Episcopal Church of the Ascension taking Gumbo Orders


What does the time prior to Thanksgiving and the Super Bowl have in common? If you’re a Pine Belt resident, then you’ve probably come to expect the famous gumbo prepared by the Gumbo Gourmets at Hattiesburg’s Episcopal Church of the Ascension. This year’s pre-sale has started with pickup scheduled from 10 a.m.-2p.m. Saturday, Nov. 17, at the Parish Hall of the church. The cost is $14.

There are times the sale has been so popular they had to stop taking advance orders before the published cutoff date. The Gourmets have been making and selling their famous gumbo for more than 21 years. “We started in very small batches and mostly sold to church members, but it quickly grew to the greater Hattiesburg area,” said a spokesperson for the group.

The original fundraiser came about as a means to support the church youth group who was planning a trip to Kentucky to assist in rehabilitating homes. Today, proceeds from the gumbo sale support the Outreach efforts of the church. Outreach efforts support the Hattiesburg area and as far away as orphaned children in Uganda.

The church counts on the gumbo sale to enable them to carry out the church’s Outreach programs. “It’s a perfect blend of a great product and the community’s support, which makes for a great blessing,” said the rector. “The community’s support is validation for what we do. The sale has grown a great fellowship.

The gumbo, which sells for $14 a quart and just needs rice added to it, is offered twice a year – a couple of weeks prior to Thanksgiving and again prior to the Super Bowl, with many people purchasing during both sales to stock their freezers for the coming year until the next sale.

The group prays for good weather each year but will sell in any weather. It has been known to snow a little on sale days in the past. 

The Ascension cooks begin preparing for this large under-taking about two months in advance, ordering supplies and preparing the space needed for the cooking.

The now-famous recipe was developed by the late Bill Jordan, a church member with a Cajun background.

The only change that has been made to the recipe is to standardize the ingredients to allow a consistent batch each time, but it’s still Bill’s recipe.

The recipes secret ingredients include the Cajun trinity and the talent of the Church of the Ascension family.

In their recipe, the gourmets use several hundred pounds of chicken, sausage and shrimp to make the many quarts of gumbo, plus or minus what the cooks sample. There’s also crushed and diced tomatoes and okra with a number of cases of the green stuff going into the making.

After all, it has to have okra to be gumbo. That’s what makes gumbo gumbo.

Their cookware for this event includes 160-quart pots, of which they used eight at one time.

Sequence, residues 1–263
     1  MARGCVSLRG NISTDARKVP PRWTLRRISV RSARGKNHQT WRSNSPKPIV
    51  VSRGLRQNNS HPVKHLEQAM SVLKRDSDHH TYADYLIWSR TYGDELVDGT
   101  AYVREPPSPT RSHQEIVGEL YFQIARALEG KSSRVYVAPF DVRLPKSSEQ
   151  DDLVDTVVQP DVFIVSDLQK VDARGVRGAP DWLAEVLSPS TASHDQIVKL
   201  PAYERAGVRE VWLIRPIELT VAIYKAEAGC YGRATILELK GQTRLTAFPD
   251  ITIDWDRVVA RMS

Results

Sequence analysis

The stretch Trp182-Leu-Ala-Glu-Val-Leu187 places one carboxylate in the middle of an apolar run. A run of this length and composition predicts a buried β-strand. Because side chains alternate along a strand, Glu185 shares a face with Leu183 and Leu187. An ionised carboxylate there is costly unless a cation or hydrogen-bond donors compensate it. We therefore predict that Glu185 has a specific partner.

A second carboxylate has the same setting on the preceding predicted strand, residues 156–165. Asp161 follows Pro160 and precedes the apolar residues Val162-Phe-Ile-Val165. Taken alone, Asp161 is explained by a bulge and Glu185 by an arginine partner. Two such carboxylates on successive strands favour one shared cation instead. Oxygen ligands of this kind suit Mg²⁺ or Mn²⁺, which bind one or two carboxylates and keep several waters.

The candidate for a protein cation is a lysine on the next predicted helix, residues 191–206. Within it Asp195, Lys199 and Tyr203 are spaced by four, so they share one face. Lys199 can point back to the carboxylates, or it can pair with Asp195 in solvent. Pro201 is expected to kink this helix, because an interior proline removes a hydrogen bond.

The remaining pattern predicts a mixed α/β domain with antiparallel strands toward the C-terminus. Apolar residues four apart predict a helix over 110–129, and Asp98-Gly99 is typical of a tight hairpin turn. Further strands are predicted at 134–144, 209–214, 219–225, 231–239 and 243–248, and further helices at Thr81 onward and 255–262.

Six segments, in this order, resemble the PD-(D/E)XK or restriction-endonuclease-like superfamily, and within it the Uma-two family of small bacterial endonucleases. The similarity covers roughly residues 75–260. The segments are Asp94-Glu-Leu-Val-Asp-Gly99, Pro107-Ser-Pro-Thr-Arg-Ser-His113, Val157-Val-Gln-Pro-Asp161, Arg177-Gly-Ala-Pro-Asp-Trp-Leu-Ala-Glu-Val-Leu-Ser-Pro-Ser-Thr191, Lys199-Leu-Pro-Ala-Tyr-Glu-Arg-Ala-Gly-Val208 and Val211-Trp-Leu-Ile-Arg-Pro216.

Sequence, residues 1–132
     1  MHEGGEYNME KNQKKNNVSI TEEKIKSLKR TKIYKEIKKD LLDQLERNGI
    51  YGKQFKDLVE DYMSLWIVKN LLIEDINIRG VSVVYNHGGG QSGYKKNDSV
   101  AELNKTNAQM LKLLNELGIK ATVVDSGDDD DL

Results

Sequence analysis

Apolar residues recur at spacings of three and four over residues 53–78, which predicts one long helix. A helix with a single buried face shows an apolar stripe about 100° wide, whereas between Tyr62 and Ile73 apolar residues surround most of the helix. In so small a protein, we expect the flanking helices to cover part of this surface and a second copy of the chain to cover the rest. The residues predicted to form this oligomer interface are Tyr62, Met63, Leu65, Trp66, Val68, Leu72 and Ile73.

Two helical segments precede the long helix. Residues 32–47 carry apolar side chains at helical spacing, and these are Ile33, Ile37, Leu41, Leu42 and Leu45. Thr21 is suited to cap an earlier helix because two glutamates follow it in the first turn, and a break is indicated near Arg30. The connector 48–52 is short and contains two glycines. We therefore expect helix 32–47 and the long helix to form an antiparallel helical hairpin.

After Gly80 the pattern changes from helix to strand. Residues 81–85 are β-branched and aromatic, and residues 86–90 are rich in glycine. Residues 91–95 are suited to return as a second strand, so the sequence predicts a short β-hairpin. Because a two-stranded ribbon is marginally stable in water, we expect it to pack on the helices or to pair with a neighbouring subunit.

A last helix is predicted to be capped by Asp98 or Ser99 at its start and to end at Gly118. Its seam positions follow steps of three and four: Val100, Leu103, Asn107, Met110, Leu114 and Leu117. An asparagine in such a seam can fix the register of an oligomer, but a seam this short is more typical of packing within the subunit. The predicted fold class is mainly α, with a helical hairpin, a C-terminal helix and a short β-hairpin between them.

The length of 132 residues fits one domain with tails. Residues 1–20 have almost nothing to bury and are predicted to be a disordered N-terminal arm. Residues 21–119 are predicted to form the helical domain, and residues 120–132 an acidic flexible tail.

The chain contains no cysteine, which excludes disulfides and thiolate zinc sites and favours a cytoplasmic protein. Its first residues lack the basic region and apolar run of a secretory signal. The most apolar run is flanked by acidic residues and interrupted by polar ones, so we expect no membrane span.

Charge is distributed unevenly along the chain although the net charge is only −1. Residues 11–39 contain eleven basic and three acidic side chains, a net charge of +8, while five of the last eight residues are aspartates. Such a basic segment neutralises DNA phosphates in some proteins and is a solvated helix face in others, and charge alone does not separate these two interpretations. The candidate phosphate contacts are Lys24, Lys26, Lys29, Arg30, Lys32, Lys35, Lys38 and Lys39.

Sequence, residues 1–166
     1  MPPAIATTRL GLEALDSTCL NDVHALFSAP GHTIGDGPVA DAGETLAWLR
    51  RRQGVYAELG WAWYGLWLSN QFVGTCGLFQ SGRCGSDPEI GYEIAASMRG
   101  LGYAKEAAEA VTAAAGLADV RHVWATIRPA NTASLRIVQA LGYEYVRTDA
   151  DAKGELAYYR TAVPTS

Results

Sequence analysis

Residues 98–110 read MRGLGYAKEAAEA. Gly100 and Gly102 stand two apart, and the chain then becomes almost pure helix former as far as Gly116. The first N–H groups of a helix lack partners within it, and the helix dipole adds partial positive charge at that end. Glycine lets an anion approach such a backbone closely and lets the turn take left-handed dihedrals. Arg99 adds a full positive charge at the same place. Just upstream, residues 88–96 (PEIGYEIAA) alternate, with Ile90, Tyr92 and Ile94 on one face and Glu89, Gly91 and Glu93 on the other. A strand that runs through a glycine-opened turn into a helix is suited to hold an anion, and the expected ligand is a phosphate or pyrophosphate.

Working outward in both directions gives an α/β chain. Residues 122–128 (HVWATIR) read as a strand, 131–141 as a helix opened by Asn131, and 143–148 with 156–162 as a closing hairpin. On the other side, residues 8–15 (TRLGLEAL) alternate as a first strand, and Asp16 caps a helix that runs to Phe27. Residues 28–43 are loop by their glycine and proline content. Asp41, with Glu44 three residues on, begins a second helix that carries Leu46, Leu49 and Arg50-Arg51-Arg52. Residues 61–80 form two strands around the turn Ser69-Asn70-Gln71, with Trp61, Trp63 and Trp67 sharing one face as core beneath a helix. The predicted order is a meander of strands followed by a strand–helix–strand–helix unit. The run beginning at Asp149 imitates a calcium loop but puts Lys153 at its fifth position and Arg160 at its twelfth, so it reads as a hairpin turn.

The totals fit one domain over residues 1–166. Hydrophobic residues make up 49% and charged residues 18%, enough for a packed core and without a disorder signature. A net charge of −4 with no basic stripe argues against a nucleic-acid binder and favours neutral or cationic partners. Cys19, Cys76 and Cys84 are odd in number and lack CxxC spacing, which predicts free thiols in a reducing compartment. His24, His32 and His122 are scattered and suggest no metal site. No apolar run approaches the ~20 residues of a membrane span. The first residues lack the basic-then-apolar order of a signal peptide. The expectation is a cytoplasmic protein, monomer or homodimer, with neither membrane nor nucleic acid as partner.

While there are probably many loyal members of the com-munity who have been purchasing the gumbo from the beginning, members of the church and their families have eagerly continued to enjoy the tasty Cajun gumbo.

Volunteers are an important part of this worthwhile endeavor and it takes pretty much the entire membership of the Church of the Ascension’s help in preparing a batch of gumbo, either by setting up, slicing sausage, stirring, washing pots, pouring up or selling the gumbo. Everyone has his or her own special talents they use during the preparation process.

At least 30 or 40 members are usually on hand for at least part of the cooking day.

The cooks start the creative process early in the day the day prior to the sale. They start cooking early in the day, adding various ingredients at different intervals during the day and cooking until late evening. The slow cooking allows the ingredients to marry. When the stirring paddles can stand vertical alone in the gumbo, that’s a sign the gumbo is done.

Those who have purchased the gumbo in the past are included on the church’s “Gumbo Mailing List,” which serves as a reminder of the upcoming sales.

At one time more than 600 postcards were mailed out to all areas of Mississippi and locations in Louisiana, in addition to email reminders which are sent out.

In the past, customers drove up from Lake Charles, La., to pick up gumbo.

Because of the popularity of the gumbo, pre-orders are taken via the church’s website (see Gumbo under the About Us tab) or you can call the church office. 

They do urge that you pre-order because they do typically sell out.

The church hasn’t missed a sale since its inception, even in 2005, just three months after Katrina. They did sell out early that year became many had lost their reserve supply of gumbo when their freezers were off. 

The Parish Hall is located on the 36th Avenue side of the church.

To pre-order, call the church, (601) 264-6773 or email

coa@megagate.com or order on-line at www.ascension.ms.